Posted at 10.09.2018
Keywords: comparison of ford and toyota philosophies
A manufacturing/production system consists of a conversion system, which transforms inputs into output. Just how conversion is performed depends upon the nature of product/service and the nature of demand for such product/service. Thus the types of production are broadly classified into two categories, the continuous and the intermittent. The first category is suitable where large scale production is required and the second is suitable where demand is non-uniform and seasonal and the merchandise is not standardized.
Ford Motors, as it is poised for mass producing standardized automobiles, naturally embraced the continuous production system. This essay attempts to compare and contrast the production philosophies and systems adopted by Ford Motors during 1930s and Toyota Motor Company during recent times.
As Kanigal, Robert  laid the basis for the idea of assembly line, Henry Ford, adopted the idea in1914 with due consideration to Adam Smith's philosophy of division of labour. He over simplified the tasks which resulted in specialization and business success (William A. Levinson, 2009). Alternatively, Toyota, which emerged as some other socio-industrial system, ironically had its roots in Henry Ford's philosophy (James P. Womack, Daniel T. Jones, Daniel Roos, 2007)
However, TMC digressed from the original Detroit philosophy predicated on the idea of lean manufacturing and therefore carved a niche for itself and grew to this extent that the American automobile industry shook.
Earlier, cars were a specialized luxury, available and then the elite. Ford's mass production scheme made the automobile accessible for the common man even, by virtue of Ford's vision, "a car for every man. " This philosophy got extended to the complete range of consumer products and services which came into the reach of each common man.
Henry Ford's team nurtured innovation in every the 4 'P's (Product, Process, Position and Paradigm) to happen concurrently. The T-Model, which Ford and his team evolved formed the foundation for emergence of an altogether new realm of thinking as regards manufacturing, which led to elimination of need for skilled labour (Joe Tidd, John Bessant, 2009). Although basic elements existed earlier, Ford's success lay in synthesizing them into a fresh form. The philosophy encompassed not only assembly operations, but supply chain and logistical aspects also.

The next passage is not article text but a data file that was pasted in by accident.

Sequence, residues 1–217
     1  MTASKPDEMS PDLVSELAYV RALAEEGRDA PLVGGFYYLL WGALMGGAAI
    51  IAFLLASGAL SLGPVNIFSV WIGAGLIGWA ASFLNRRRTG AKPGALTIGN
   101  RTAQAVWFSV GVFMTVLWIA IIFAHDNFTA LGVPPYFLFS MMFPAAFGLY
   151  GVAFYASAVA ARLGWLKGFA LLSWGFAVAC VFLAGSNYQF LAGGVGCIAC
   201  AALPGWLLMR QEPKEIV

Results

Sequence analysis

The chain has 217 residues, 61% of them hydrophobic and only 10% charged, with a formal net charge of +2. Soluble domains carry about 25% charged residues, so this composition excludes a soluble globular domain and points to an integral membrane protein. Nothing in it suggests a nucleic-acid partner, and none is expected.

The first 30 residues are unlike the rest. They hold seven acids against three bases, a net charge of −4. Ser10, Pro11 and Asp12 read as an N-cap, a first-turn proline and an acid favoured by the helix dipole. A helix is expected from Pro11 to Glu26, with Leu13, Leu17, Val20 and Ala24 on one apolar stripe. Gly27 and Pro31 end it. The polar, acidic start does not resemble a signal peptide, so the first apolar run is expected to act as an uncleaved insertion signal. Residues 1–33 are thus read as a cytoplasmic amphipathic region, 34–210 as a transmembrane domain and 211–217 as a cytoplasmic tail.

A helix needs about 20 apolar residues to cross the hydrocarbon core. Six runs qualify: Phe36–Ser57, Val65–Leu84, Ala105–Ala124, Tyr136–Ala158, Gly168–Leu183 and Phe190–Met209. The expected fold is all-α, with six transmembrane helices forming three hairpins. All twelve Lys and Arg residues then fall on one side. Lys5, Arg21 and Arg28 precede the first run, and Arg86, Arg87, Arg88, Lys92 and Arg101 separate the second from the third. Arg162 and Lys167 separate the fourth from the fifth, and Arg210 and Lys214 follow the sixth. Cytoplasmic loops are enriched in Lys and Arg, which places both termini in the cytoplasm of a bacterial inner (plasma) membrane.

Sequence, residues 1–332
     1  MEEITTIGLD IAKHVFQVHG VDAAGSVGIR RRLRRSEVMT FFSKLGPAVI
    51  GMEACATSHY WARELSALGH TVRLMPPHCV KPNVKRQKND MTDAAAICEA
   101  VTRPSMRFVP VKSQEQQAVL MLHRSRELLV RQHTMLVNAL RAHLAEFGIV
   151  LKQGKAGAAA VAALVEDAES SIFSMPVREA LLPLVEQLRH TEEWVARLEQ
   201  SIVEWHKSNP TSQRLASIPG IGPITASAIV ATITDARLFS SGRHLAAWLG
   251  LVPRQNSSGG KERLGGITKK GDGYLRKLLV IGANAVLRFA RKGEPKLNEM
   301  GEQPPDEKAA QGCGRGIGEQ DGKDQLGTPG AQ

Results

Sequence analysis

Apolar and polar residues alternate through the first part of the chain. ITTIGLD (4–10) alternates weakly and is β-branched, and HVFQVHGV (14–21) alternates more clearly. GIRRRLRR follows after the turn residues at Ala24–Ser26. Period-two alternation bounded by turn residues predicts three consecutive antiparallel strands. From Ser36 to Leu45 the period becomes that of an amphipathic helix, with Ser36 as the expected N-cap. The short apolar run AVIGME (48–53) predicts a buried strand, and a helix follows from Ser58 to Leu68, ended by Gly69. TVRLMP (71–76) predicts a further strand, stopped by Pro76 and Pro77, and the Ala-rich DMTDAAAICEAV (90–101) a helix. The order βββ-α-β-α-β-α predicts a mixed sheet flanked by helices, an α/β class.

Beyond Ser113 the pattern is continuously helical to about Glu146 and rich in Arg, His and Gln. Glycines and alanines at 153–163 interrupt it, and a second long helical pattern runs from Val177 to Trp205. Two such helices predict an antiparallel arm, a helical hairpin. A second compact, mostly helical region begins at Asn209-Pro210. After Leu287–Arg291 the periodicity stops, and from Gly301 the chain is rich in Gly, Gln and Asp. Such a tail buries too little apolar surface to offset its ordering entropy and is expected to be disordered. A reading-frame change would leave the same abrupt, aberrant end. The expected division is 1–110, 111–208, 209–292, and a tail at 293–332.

Standardization of products, components, equipment, process, tasks and tasks of control.
Time and work study, to recognize the optimum conditions for carrying out a specific operation and job analysis, to split up the duty into small, highly controllable and reproducible steps.
Specialization of functions and tasks within every area of operation. there was considerable narrowing and re-utilization of individual tasks and an extension of division of labor.
Uniform output rates and systematization of the whole manufacturing process.
Payments and incentive schemes based on results.
Elimination of worker discretion and passing of control to specialists.
Concentration of control of work in to the hands of management inside a bureaucratic hierarchy with comprehensive reliance on rules and procedures.
The system of production which, though had its roots for the reason that of Ford Motors, has evolved as a distinctive one with original features such as lean manufacturing, is recognized as Toyota Production System [TPS]. Sakichi Toyoda, his son, Kiichiro Toyoda and Taiichi will be the founders of Toyota Motors. The founders and the engineer, Taiichi Ohno are the ones who appreciated and embraced the concept of Lean Manufacturing, founded on the initial concept, being, JIT production (Sorensen, 1956).
The founders of Toyota based heavily on the work of Edward Deming and the literature written by Henry Ford. Lean manufacturing (Simon, 1996) concept was even seen through the times of Benjamin Franklin.
The business success and opulence of Detroit drove the Toyota team to be inquisitive about witnessing the assembly line and mass production. If the Toyotan delegation visited the US, they were not impressed. The Toyotan philosophy (Shigeo, 1996) is aimed at rationalizing the look of the manufacturing process therefore it envisages elimination of three elements, being overburden [muri], inconsistency [mura] and waste [muda]. This entails that the process is flexible enough to get rid stress as it is supposed to create waste. The Toyota system determined seven types of wastes, popularly called the "Seven Wastes. " They may be over-production, motion (of operator or machine), waiting (of operator or machine), conveyance, processing itself, inventory (raw material), and correction (rework and scrap)
Of the three lapses, i. e. overburden, inconsistency and waste, the latter, muda, appears to dominate the thinking of man as they start to see the fruitful effects of TPS.